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Further information about AONBs

In 1945, in response to growing support for the creation of National Parks, the Dower Report was published.

Together with the 1947 Hobhouse Report, it recommended that a number of the finest landscapes in England and Wales should be given special legal status to ensure their preservation “for the nation’s benefit”.

These landscapes were designated as either AONBs or National Parks as a result of differences in size, scale and aims. Forty six are now “Areas of Outstanding Natural Beauty” (AONBs) and fifteen have become National Parks (for more information about National Parks, visit www.nationalparks.gov.uk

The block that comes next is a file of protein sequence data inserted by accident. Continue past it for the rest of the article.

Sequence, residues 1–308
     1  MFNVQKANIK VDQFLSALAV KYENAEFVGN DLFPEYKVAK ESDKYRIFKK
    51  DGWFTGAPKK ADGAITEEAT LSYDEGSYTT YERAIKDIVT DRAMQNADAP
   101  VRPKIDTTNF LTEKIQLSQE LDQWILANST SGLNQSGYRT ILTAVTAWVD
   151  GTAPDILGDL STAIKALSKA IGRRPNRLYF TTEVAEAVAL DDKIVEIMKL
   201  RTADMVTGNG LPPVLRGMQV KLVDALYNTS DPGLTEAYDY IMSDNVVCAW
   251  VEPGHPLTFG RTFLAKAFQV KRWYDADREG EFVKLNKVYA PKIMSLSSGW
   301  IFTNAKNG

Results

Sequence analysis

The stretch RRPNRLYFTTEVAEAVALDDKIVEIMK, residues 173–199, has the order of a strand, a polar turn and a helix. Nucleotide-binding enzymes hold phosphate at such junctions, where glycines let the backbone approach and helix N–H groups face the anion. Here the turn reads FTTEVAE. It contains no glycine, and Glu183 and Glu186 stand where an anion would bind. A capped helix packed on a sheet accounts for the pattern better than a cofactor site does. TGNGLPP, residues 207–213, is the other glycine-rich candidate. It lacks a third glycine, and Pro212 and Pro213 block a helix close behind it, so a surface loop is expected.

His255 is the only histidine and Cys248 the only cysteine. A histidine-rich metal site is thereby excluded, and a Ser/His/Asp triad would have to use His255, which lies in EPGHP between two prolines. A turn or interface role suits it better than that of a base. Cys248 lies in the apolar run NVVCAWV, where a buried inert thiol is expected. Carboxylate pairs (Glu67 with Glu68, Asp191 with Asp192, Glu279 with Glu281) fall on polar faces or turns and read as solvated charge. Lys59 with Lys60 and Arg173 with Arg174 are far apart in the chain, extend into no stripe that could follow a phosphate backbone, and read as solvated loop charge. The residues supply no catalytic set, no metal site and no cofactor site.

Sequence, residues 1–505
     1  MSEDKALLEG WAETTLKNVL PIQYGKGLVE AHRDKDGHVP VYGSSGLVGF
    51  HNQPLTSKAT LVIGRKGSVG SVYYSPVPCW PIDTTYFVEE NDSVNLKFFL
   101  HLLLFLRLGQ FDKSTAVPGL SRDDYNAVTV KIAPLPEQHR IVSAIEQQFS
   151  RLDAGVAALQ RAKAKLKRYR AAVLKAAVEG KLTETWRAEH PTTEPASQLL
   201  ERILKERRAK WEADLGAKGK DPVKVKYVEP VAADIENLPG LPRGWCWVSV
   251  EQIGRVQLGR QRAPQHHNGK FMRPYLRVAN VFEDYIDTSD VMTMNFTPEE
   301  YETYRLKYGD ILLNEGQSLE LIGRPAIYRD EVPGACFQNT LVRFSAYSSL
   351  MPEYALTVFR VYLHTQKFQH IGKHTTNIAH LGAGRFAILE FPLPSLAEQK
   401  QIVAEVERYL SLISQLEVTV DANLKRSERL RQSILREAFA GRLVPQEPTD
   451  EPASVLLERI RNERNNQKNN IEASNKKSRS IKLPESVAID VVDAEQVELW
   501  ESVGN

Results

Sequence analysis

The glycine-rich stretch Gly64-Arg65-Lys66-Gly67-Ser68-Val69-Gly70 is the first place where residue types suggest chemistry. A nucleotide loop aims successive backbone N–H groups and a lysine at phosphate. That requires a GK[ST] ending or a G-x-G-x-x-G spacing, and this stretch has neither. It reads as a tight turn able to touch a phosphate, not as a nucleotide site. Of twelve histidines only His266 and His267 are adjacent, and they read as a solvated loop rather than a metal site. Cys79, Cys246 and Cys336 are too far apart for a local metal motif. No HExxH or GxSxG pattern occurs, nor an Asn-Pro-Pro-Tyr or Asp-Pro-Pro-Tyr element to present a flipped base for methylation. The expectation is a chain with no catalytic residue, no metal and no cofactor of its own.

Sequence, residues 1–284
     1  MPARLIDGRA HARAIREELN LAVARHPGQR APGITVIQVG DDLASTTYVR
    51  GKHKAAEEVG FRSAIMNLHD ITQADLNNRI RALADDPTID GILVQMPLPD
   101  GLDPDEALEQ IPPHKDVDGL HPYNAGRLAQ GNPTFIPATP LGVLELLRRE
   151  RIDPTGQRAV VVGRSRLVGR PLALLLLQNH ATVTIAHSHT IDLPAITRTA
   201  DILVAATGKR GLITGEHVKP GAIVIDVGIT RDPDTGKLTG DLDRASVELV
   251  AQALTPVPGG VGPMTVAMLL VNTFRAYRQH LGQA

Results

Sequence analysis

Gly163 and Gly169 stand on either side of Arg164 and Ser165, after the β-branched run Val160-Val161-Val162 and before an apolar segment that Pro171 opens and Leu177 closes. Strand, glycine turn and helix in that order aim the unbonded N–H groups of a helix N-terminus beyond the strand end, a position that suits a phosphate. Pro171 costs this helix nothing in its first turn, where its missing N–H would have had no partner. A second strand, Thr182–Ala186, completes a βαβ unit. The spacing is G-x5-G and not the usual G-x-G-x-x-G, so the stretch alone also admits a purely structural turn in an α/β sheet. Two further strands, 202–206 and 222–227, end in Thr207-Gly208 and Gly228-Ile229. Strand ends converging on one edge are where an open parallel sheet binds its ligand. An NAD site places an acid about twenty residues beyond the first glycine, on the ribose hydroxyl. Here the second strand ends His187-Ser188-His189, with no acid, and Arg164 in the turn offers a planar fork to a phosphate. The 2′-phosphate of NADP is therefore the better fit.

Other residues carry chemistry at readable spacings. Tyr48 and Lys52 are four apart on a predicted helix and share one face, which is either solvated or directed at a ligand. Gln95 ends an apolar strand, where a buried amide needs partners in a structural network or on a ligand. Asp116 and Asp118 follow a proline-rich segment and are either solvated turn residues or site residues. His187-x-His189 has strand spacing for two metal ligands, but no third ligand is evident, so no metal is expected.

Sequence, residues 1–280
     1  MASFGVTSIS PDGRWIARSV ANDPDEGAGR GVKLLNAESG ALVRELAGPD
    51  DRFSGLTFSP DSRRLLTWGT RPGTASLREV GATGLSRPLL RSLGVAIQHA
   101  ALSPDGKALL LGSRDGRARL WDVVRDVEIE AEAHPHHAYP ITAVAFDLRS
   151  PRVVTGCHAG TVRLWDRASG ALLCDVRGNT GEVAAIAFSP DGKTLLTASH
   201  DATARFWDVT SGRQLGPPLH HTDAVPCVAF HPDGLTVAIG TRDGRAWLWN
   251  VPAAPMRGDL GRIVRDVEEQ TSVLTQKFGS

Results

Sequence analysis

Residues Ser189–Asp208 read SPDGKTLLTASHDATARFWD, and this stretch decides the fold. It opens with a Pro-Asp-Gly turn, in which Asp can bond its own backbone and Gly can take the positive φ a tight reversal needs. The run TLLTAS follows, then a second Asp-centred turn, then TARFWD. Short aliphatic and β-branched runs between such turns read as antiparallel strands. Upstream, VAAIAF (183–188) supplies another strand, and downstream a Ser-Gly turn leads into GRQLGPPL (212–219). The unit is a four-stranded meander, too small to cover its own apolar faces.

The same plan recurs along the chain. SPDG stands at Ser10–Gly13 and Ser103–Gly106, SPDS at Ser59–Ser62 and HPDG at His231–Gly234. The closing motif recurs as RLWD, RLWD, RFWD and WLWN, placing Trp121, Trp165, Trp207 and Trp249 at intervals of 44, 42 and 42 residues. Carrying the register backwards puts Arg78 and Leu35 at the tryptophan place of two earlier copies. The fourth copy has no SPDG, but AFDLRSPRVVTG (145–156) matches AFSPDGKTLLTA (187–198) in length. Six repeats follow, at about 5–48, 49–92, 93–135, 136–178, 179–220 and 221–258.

Because of their fragile natural beauty the primary purpose of AONB designation is

  • To conserve and enhance the natural beauty of the landscape

Two secondary aims complement the purpose:

  • To meet the need for quiet enjoyment of the countryside
  • To have regard for the interests of those who live and work there.

Jump to:
The AONB story
AONB designation
AONB legal framework
AONB family objectives